This site uses cookies to deliver our services, improve performance, for analytics, and (if not signed in) for advertising. By using LibraryThing you acknowledge that you have read and understand our Terms of Service and Privacy Policy. Your use of the site and services is subject to these policies and terms.
Hide this

Results from Google Books

Click on a thumbnail to go to Google Books.

Manners & Mutiny by Gail Carriger

Manners & Mutiny

by Gail Carriger

Other authors: See the other authors section.

Series: Finishing School (4), Parasol Universe (4)

MembersReviewsPopularityAverage ratingMentions
4572332,389 (3.99)41



Sign up for LibraryThing to find out whether you'll like this book.

No current Talk conversations about this book.

» See also 41 mentions

Showing 1-5 of 23 (next | show all)
Judging by the other reviews, I think I will be in a minority here.

I tried to read this one two years after I read the others, which I read in 2014. Unfortunately, this fourth one just did not do it for me. At all. I wish I'd written down why this one didn't sit well with me at the time in 2016--it's hard to remember now two years after trying it.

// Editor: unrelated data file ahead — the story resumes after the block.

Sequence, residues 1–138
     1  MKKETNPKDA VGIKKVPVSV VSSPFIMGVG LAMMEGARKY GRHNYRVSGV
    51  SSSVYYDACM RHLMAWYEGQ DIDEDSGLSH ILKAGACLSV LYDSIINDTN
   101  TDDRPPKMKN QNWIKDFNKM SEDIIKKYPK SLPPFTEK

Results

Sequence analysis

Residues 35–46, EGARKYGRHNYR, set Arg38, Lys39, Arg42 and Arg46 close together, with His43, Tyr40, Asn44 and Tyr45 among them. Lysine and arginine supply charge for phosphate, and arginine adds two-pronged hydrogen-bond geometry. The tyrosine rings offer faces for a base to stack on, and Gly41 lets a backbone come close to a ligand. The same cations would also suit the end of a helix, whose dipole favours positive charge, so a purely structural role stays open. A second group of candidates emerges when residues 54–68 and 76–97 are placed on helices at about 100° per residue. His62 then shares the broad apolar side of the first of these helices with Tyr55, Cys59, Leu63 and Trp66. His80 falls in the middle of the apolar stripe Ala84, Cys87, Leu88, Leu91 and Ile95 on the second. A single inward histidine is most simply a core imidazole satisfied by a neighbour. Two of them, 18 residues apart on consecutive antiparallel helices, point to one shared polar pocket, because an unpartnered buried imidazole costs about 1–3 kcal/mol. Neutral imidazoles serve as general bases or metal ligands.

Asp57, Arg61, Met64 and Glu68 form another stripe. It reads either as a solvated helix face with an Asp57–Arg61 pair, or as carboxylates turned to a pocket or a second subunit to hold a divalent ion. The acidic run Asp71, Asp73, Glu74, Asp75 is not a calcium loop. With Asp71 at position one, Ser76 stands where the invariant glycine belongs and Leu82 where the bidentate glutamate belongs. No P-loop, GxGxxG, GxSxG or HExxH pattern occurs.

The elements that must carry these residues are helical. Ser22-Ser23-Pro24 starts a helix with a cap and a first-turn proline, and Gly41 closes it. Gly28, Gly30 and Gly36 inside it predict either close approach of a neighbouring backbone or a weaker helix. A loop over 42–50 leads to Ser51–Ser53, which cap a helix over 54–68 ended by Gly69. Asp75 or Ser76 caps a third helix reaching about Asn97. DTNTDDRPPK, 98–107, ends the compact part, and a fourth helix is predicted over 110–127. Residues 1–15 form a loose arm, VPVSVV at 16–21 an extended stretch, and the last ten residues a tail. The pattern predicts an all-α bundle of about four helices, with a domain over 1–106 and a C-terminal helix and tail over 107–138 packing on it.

Mostly, I just remember being really irritated at how forceably quirky this book felt it had to be: the names, the personalities, the clothing, the housing, the dialog, the circumstances, the steampunk, the love interests. Everything about it was so over-the-top that it bordered on inane to me. The preceding three were also this way, but for some reason with this one it was just too much. Kind of like how sometimes even though you are reading them for the quaint and familiar and predictable nature, some cozy mysteries can be overly formulated to be too perfect and too saccharine to make them enjoyed. This is like the paranormal historical fiction version of that.

I also vaguely remember being irritated at the continued strong theme regarding her inability to choose between the vampire and the werewolf because it seemed... I don't know... contrived? Drawn out? Unnecessary? I lost interest, frankly.

I may try the series again someday because it could have been that I just wasn't in the right mood for it at the time, but that is doubtful. ( )
  trillianiris | Jul 13, 2018 |
It's Sophronia Teminick's final year at finishing school, and her most challenging yet. She doesn't attend many classes, because the school is under attack. Again! All of the events of the previous books come to a head and Sophronia, her friends, and her mentors will need all their skills to keep the Picklemen from controlling everything.